Steven Guilbeault opposes pipelines. So why is he running for the Liberals?

This was a particularly interesting week for Steven Guilbeault — one of Canada's most prominent environmentalists — to announce that he hopes to be a candidate for the Liberal Party in this fall's general election.

He's says he's being practical. He could be Exhibit A in a Conservative argument that Liberals are anti-oil

Environmentalist Steven Guilbeault announces his candidacy for the Liberal Party of Canada on Friday, June 21, 2019. (Paul Chiasson/THE CANADIAN PRESS)

This was a particularly interesting week for Steven Guilbeault — one of Canada's most prominent environmentalists — to announce that he hopes to be a candidate for the Liberal Party in this fall's general election.

It would be a notable development regardless of its timing: the recruitment of a star candidate by a government seeking re-election, for a Montreal riding that the Liberals hope to pick up from the NDP.

But Guilbeault's Friday announcement came just three days after the Liberal government re-approved the Trans Mountain expansion.

And Guilbeault is not a fan of pipelines.

That could make for an awkward fit. But the Liberals might be happy with the awkwardness.

Three years ago, Guilbeault was invited to address a Liberal Party convention in Winnipeg. He spoke for 20 minutes and largely praised the new government's efforts. But then, near the 16-minute mark, he pivoted.

'I know this is hard for some of you to hear'

Addressing Trudeau directly, he reminded the prime minister that, as Liberal leader, he had said that governments issue permits but communities give permission.

"Prime minister, large pipeline projects have failed to gain social licence from all across the continent, from Lincoln, Nebraska to Kitmat, B.C., to Montreal, Quebec. Communities don't want them," he said.

"The atmosphere and our climate certainly don't need them. And many of us believe we cannot build pipelines and meet our international climate commitments at the same time. And with a world working around the clock to avoid the worst effects of climate change, it makes no sense from an ethical and a moral perspective to produce and ship more of a substance that is causing a problem that disrupts the future of our children and grandchildren."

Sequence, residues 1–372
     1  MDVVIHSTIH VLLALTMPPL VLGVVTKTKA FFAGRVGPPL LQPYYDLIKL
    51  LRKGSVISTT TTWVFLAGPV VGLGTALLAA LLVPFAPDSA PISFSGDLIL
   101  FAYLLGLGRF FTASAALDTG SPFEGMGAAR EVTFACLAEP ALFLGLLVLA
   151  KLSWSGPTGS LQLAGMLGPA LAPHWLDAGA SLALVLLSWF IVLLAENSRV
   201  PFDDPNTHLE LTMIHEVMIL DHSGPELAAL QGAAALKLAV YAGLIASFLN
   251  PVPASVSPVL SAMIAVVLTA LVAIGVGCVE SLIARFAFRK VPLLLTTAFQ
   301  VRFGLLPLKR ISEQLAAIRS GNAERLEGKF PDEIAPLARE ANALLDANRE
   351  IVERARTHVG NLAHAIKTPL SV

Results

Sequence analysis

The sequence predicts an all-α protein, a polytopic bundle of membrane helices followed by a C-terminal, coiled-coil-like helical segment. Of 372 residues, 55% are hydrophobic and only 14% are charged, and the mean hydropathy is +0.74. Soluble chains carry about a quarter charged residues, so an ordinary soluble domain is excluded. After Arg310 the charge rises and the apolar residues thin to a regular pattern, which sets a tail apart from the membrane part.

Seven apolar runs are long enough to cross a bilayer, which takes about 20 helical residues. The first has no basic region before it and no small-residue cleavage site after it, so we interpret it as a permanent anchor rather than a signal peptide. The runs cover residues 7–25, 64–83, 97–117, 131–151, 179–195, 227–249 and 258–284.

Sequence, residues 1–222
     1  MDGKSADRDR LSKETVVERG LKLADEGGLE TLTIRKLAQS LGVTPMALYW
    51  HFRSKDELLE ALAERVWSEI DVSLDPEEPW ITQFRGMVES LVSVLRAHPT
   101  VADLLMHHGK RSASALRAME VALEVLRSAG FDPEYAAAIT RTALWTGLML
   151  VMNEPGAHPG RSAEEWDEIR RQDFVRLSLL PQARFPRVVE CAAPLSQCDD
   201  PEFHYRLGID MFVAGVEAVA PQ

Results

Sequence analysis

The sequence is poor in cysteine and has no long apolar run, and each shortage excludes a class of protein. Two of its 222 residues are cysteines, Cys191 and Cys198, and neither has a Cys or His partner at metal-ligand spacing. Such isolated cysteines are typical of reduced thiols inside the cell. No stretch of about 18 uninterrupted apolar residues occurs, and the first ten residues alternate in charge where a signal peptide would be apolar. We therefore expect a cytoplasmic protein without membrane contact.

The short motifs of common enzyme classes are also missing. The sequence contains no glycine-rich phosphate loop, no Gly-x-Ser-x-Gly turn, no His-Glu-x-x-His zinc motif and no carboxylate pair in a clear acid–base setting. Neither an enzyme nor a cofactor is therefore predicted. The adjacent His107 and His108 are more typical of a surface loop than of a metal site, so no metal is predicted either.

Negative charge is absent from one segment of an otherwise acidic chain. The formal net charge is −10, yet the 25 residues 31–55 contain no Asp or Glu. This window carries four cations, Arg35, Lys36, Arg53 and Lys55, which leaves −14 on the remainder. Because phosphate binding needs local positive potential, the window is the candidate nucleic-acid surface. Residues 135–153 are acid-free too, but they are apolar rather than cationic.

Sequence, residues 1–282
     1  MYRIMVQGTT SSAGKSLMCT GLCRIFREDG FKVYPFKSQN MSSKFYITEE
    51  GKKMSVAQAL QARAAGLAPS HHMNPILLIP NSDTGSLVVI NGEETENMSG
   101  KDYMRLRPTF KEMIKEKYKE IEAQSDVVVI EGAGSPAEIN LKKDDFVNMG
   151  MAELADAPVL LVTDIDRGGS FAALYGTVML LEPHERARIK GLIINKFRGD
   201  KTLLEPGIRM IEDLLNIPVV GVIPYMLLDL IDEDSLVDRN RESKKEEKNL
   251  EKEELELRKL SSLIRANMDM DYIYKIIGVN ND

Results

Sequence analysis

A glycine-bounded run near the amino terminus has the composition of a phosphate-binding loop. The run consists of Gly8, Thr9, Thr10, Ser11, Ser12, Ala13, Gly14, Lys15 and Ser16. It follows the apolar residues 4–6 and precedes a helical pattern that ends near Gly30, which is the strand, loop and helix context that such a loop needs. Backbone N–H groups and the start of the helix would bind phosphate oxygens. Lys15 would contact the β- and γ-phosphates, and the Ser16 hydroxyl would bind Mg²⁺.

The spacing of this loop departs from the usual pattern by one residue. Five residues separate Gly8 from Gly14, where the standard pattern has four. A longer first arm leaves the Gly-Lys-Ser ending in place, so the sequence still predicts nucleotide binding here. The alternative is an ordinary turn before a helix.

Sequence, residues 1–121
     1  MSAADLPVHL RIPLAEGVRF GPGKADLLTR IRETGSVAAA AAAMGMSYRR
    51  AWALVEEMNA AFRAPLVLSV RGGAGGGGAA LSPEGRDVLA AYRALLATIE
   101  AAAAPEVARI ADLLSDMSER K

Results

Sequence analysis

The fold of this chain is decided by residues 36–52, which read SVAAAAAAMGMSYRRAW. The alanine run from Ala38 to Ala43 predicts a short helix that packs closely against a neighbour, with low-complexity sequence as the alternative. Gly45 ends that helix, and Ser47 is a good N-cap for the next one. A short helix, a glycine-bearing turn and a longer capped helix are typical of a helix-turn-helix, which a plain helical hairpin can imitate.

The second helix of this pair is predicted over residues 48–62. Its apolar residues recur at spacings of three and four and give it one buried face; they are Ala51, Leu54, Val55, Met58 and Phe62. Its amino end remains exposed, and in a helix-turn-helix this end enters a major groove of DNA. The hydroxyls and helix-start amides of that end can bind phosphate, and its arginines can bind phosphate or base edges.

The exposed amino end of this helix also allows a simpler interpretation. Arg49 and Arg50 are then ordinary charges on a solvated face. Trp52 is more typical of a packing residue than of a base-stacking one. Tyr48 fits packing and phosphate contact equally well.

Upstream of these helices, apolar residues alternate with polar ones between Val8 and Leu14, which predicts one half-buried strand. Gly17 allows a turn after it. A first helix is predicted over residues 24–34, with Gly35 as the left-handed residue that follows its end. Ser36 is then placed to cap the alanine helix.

Anti-pipeline protesters gather outside the Liberal government's cabinet retreat in Nanaimo in August, 2018. (Benoit Roussel/CBC)

This was two years before the Trudeau government would actually own a pipeline. But Trudeau had said already that getting Canada's resources to new markets was one of the chief responsibilities of the federal government.

"I know this is hard for some of you to hear," Gilbeault said, "but I believe it to be the truth and I'm not the only one."

Guilbeault now notes that it's not entirely clear the Trans Mountain expansion will lead to an increase in Canada's emissions. Much will depend on whether the pipeline is used to transport oil that otherwise would have travelled by rail, or whether it leads to an increase in production. It could require Canada to "work harder" to reduce its emissions, he said.

The enemy of my enemy ...

Either way, he still believes Canada shouldn't be investing in new infrastructure for fossil fuels.

So why is he running for the Liberals?

"I disagree with the pipeline," he told CBC News. "But when I look at everything that the Liberal government has done over the past four years, in terms of fighting climate change ... there's so much for me to rally around that, despite this point of disagreement, I've decided to go ahead."